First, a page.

A recent article in Natural Communications (March 4, 2022) titled “Associations between alcohol consumption and gray and white matter volumes in the UK Biobank”, says there is evidence to show even moderate drinking is associated with changes in brain volume in middle-aged and older adults.
We know heavy alcohol consumption has been associated with brain shrinkage. The new study shows even moderate drinking will shrink your brain. The study was done in the UK. The researchers used multimodal imaging (MRI) data from 36,678 generally healthy middle-aged and older adults from the UK Biobank.
The study shows the negative associations between alcohol intake and brain shrinking are already apparent in individuals consuming an average of only one to two daily alcohol units, and shrinkage increases as alcohol intake increases.
Alcohol use and abuse is a worldwide problem. There is a significant healthcare and economic cost. Alcohol use disorder is one of the most prevalent mental health conditions worldwide with harmful effects on physical, cognitive, and social function. It contributes to cardiovascular disease, liver disease, nutritional deficiency, cancer and accelerated aging.
How do we define chronic heavy alcohol consumption?
Three or more drinks for women and four or more drinks for men on any day is considered heavy drinking. These individuals have lower gray matter volume of the brain. Chronic alcohol drinking also shrinks the white matter of the brain. The article says, “Further, research suggests that the effects of alcohol consumption on brain volume interact with the effects of aging.”
The researchers found individuals who consumed moderate-to-high amounts of alcohol (14 or more alcohol units per week) showed brain atrophy.
The article concludes by saying this study provides additional evidence for a negative association between alcohol intake and brain structure in a general population sample of middle-aged and older adults.
This finding suggests the general recommendation that it is OK for women to have one drink a day and two for men is not valid anymore. Research showed that a daily drink seems to age the brain by two years compared to the brains of those who do not consume alcohol. And if you take two drinks a day your brain will look 10 years older than that of a teetotaller.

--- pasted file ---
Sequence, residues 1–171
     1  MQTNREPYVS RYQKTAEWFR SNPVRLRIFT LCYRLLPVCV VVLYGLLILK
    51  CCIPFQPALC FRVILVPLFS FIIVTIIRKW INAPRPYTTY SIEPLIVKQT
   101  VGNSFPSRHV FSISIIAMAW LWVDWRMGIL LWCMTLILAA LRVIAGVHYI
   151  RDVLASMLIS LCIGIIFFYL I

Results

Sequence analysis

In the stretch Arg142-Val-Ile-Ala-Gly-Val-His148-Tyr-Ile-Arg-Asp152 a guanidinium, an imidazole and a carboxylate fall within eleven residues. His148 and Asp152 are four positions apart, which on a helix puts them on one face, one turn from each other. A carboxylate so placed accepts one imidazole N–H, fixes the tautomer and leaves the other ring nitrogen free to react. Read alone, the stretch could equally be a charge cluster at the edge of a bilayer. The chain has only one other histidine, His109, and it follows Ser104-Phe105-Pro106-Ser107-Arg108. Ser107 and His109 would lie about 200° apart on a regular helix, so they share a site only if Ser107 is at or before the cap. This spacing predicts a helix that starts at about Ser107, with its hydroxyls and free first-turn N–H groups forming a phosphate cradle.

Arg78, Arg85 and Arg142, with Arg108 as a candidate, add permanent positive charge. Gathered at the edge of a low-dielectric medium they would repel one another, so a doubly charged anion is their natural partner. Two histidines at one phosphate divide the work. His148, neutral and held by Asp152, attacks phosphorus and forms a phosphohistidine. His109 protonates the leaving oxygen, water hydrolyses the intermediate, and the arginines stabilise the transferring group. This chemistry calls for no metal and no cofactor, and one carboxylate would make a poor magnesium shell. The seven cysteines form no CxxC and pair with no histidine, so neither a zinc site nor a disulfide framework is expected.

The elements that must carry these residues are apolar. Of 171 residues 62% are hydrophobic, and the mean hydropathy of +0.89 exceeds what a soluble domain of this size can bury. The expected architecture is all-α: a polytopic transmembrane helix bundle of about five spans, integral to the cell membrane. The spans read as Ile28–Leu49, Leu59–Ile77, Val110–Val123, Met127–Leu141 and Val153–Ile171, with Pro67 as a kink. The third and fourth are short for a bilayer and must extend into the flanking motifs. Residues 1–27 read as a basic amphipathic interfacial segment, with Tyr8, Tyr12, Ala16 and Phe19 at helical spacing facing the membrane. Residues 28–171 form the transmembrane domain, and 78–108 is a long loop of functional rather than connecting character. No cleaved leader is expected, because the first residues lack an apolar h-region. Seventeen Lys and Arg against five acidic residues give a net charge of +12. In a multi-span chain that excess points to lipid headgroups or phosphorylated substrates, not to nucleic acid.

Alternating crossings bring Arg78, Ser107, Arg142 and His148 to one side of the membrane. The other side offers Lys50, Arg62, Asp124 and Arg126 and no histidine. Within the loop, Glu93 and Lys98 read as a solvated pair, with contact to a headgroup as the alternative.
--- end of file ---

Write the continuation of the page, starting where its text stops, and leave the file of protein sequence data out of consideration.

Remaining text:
What is Canada’s low-risk alcohol drinking guideline?
Health Canada (2012) guideline says you can reduce your long-term health risks by drinking no more than10 drinks a week for women, with no more than two drinks a day most days and 15 drinks a week for men, with no more than three drinks a day most days. You should plan non-drinking days every week to avoid developing a habit.
Is this recommendation valid anymore?
An article in Lancet (No level of alcohol consumption improves health – August 23, 2018) also rejected the notion that any amount of drinking can be healthy. With the new study findings, should Health Canada change its guideline?
In the last two years, due to stress and loneliness imposed by COVID-19 pandemic there has been huge increase in drug and alcohol consumption in Canada and elsewhere. And the effects of alcohol use on health care, crime and lost productivity were estimated at $14.6 billion – more than tobacco and all other psychoactive substances combined.
Statistics Canada reported alcohol-induced deaths increased in 2020, especially among those under age 65. It is simple. The more you drink, the worse it is for your health. Especially, your brain health. Maintenance of brain health is central to health and wellbeing across the lifespan. Those who are lifetime alcohol abstainers report the highest level of mental well-being and quitting alcohol improves mental well-being.
Finally, we should be careful in recommending moderate drinking that can improve health-related quality of life. Instead of having a drink have an apple. An apple a day keeps the doctor away!
Don’t let your brain shrink. Take care of your gray and white matter. Be safe.
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